Steroid use in this patient may have dampened the initial aggressive clinical course of ANKL. The mechanism of action is thought to be related to the induction of apoptosis through decreasing DNA, RNA, and protein synthesis in certain lymphoid populations [4-6]. However, the minimum dose required to induce this response has yet to be established. The standard steroid dose in effective NK/T lymphoma regimens such as dexamethasone, methotrexate, ifosfamide, L-asparaginase, and etoposide (SMILE) is dexamethasone 40 mg daily. Prednisone has also been used, with doses ranging from 60-100 mg/m2/day for five days, although a lower threshold of prednisone use has not been determined [7].

In light of this, it is possible that the patient’s initial eye lesion was not related to tuberculosis but rather a manifestation of lymphoma, with commonly-observed clinical symptoms masked by chronic corticosteroid use. Upon presentation, the patient did not exhibit outward signs of a typically-aggressive lymphoma, and had been receiving prednisone 20 mg daily for at least two months. When prednisone was discontinued, her clinical status rapidly deteriorated and subsequently improved after initiation of hydrocortisone at a dose equivalent to roughly half that of the dexamethasone component of the SMILE regimen (Table 1). As this regimen is known to be associated with promising overall response [8- 9], several days of high-dose hydrocortisone may have contributed to the patient’s clinical improvement. In summary, the possible effect of corticosteroid therapy on clinical response may complicate the diagnosis of ANKL and other steroid-responsive malignancies, and should be considered during the course of care [10].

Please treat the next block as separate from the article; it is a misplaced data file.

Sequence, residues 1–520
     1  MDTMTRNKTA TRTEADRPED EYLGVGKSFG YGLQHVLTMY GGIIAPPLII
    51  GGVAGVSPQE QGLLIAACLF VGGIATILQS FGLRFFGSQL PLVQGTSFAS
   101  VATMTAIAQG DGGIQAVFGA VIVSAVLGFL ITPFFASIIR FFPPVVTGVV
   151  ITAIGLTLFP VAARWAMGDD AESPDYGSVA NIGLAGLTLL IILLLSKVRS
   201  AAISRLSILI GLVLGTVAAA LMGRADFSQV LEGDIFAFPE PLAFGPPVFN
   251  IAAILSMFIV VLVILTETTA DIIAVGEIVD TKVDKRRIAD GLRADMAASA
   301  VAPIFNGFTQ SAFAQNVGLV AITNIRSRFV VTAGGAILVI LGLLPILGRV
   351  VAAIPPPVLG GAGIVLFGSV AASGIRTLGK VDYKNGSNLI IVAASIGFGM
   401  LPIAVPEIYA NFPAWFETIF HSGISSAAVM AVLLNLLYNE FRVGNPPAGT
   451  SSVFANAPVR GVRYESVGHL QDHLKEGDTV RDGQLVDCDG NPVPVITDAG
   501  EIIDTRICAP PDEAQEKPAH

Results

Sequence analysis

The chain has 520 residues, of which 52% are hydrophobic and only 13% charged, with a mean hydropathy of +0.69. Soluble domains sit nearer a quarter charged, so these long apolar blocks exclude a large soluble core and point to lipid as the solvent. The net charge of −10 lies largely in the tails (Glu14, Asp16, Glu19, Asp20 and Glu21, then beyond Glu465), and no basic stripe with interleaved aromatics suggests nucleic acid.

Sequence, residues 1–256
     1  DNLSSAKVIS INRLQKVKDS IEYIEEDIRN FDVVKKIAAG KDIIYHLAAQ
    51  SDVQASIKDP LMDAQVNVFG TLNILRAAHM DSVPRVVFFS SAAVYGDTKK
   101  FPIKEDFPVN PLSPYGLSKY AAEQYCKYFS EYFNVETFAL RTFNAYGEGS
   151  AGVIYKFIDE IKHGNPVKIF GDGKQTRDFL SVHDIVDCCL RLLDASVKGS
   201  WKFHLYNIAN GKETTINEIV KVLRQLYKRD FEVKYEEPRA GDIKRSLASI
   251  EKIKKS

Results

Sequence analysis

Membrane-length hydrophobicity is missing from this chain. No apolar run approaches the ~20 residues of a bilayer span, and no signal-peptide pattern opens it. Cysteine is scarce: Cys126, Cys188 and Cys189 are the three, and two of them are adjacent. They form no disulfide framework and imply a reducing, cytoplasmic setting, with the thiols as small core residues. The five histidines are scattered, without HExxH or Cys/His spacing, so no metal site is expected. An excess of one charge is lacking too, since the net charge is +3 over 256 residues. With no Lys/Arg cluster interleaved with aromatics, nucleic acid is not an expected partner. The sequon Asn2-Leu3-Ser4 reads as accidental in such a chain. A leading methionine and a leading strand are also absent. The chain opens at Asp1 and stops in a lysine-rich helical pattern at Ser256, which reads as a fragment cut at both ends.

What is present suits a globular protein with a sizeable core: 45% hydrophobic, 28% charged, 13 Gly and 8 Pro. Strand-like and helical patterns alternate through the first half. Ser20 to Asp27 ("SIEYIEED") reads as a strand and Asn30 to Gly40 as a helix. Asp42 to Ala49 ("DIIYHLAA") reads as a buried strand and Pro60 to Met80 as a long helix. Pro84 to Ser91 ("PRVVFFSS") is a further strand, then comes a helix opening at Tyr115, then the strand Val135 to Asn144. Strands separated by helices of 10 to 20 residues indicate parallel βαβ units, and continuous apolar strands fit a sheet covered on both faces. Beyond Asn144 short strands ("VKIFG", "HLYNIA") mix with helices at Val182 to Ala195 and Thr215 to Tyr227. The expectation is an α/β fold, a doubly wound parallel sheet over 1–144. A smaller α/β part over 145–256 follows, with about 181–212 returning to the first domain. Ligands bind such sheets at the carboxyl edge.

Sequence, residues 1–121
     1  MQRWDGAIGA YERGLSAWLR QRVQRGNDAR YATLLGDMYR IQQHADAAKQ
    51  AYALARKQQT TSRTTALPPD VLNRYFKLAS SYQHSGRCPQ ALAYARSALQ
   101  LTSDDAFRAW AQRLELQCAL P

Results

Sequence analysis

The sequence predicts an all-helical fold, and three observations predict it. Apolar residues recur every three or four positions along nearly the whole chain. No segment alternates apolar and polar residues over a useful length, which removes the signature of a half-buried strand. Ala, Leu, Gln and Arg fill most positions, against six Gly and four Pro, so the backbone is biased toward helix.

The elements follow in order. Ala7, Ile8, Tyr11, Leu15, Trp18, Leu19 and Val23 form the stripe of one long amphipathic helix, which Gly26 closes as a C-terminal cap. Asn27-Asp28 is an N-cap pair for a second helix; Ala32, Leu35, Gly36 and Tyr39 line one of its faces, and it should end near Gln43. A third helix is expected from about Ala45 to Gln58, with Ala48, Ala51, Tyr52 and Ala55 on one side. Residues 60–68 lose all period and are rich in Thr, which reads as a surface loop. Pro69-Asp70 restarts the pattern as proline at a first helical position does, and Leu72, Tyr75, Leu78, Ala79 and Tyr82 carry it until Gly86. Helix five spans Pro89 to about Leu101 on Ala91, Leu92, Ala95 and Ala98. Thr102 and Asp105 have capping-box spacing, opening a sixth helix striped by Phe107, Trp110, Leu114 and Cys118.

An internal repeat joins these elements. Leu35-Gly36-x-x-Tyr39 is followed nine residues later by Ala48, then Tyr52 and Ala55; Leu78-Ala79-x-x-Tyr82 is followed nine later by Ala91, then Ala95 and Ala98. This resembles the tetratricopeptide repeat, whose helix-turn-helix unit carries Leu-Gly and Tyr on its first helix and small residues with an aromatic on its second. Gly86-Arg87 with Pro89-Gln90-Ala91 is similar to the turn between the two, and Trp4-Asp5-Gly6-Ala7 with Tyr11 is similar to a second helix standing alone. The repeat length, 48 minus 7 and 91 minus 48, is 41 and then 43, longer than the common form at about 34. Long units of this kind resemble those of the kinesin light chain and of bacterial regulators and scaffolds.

Table 1: Comparative anti-inflammatory activities of steroids10



Patient’s dose

Equivalent   dexamethasone







400 mg

15 mg







20 mg

3 mg







0.2 mg















We are thankful to our colleagues Edgar Garcia-Morales, Hermann Schumacher, and Natalie Gofman for their expertise in caring for this patient, as well as Kim To for her guidance on this publication.

Declaration of conflicting interests

The author(s) declared no potential conflicts of interest with respect to the research, authorship, and/or publication of this article.